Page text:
DIY guide to improving your photography, part 3

Nowadays just about everyone owns and uses a digital camera. So in essence (almost) everybody is a photographer. However, some of us consistently take better pictures than others. This is not necessarily because some are more talented than others, but simply because some folks have acquired more knowledge and better skills. For those who want to improve their photography, I have put together a list of 12 tips that have made a positive impact on my development as a photographer. 

I previously posted part 1 and part 2 of my DIY guide to improving your photography. This is part 3 of that guide. It contains tips #9 to #12. 

9. Be an active member of the Flickr.com community. This is a recommendation of Trey Ratcliff of www.stuckincustoms.com with which I wholeheartedly agree (even though Trey is not very active anymore on Flickr). On Flickr you’ll interact with other  photographers. By comparing your work to the work of other photographers on Flickr, you’ll get a good idea of just where you are in your development as a photographer. Being exposed to so much great and diverse photography, will play an important role in the development of your own unique and personal photography style.

10. Shoot and process pictures on a regular basis. Photography is something you do. The only way to perfect your skills is to actually shoot pictures and process them on a regular basis.

11. Immerse yourself in photography culture. This might sound strange, but simply put: read photography magazines, visit popular photography websites, read popular photography blogs, follow photography news, keep track of photography rumors (i.e. gear rumors), read gear reviews, follow the career’s and work of photographers you admire etcetera. It comes down to this: when photography is an important part of your life, you cannot help but grow as a photographer.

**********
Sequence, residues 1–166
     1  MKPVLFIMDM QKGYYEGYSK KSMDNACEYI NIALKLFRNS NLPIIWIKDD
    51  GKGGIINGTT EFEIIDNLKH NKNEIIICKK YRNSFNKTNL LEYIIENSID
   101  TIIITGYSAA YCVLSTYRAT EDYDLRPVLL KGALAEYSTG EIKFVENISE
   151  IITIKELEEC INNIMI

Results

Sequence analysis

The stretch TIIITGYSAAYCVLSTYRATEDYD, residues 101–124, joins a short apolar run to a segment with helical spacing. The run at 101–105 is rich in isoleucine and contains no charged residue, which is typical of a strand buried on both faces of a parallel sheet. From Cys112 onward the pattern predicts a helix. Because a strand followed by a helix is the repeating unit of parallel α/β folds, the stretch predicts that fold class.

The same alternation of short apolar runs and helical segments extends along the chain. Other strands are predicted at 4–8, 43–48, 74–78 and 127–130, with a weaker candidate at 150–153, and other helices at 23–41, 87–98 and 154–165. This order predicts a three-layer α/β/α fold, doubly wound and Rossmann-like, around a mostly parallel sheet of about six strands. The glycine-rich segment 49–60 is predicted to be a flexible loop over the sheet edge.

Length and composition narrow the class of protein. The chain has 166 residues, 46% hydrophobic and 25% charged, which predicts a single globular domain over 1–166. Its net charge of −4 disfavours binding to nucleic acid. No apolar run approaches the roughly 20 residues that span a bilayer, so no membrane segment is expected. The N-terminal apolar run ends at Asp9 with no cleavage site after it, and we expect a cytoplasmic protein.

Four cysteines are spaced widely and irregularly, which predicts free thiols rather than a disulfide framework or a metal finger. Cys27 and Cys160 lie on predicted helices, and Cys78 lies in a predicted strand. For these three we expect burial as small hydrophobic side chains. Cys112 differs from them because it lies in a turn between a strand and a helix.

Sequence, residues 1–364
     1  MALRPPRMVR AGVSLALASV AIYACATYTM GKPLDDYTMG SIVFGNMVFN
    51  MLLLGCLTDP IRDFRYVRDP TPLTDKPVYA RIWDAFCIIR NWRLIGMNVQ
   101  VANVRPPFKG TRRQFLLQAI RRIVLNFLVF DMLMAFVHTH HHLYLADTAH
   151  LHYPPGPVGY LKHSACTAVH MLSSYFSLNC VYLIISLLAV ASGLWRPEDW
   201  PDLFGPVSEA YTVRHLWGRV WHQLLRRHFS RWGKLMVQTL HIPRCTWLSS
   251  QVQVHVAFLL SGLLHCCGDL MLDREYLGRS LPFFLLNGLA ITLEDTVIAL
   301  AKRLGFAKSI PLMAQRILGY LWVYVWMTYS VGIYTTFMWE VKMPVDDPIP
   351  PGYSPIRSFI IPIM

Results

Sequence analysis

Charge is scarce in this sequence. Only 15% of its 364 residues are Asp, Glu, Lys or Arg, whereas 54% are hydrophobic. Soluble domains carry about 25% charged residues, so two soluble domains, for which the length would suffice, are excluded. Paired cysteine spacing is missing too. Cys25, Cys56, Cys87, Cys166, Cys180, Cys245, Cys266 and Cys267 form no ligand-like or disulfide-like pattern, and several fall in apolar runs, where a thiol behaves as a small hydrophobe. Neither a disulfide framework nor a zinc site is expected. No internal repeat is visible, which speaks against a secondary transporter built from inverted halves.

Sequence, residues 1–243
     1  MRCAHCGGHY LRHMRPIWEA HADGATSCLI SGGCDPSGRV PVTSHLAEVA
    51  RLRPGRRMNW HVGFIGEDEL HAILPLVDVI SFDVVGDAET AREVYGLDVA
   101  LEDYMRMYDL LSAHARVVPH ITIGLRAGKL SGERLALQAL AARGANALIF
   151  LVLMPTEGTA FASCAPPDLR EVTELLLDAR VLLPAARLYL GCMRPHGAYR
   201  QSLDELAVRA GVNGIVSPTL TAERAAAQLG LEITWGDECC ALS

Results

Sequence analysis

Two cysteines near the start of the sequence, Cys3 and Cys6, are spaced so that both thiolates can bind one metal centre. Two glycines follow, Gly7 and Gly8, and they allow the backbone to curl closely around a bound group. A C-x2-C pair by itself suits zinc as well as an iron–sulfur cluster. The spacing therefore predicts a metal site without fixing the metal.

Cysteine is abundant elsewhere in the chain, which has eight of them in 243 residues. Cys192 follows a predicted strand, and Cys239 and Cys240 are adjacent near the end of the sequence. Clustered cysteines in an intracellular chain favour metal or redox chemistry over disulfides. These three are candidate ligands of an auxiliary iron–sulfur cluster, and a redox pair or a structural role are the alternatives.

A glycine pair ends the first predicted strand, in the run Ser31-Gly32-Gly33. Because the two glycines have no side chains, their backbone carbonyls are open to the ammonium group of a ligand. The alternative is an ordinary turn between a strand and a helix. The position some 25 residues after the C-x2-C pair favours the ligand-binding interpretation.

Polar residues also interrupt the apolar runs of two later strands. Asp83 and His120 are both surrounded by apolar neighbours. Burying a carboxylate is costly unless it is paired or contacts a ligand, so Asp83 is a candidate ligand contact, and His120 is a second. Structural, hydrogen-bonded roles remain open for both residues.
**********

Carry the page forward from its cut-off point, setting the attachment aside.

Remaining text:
12. Have fun learning photography. Not all aspects of learning are fun, but if you are not having enough fun learning photography, chances are you will give up. Because of this, you should try to have as much fun as reasonably possible. So for example, if you don’t like a particular instructional photography book you are reading, try getting another one by a different author; you might like it better and as a consequence actually get through the whole book.

Let me know what you think of this guide. If you have any other valuable tip that I have not mentioned, please leave a comment.

DIY guide to improving your photography, part 1.
DIY guide to improving your photography, part 2.

 © 2009-2011Elgin Zeppenfeldt. All rights reserved.

2 thoughts on “DIY guide to improving your photography, part 3

  1. Pingback: DIY guide to improving your photography, part 2 | | ELGINZPHOTOGRAPHY.COMELGINZPHOTOGRAPHY.COM

  2. There is Digital Photography For Dummies . Anything by Bryan Peterson., aghlouth his books don’t tell you much about cameras in general, they do teach you about the craft of creating an image.Your camera manual.Scott Kelby’s books on digital photography are written mostly for dSLR’s, but could apply to any camera user.The principles of photography apply to whatever type of camera you are using. Good composition and exposure are the same for a $ 30000 Hasselblad and a $ 200 Sony P S. By learning more about your camera and the craft of photography, you will improve your images.

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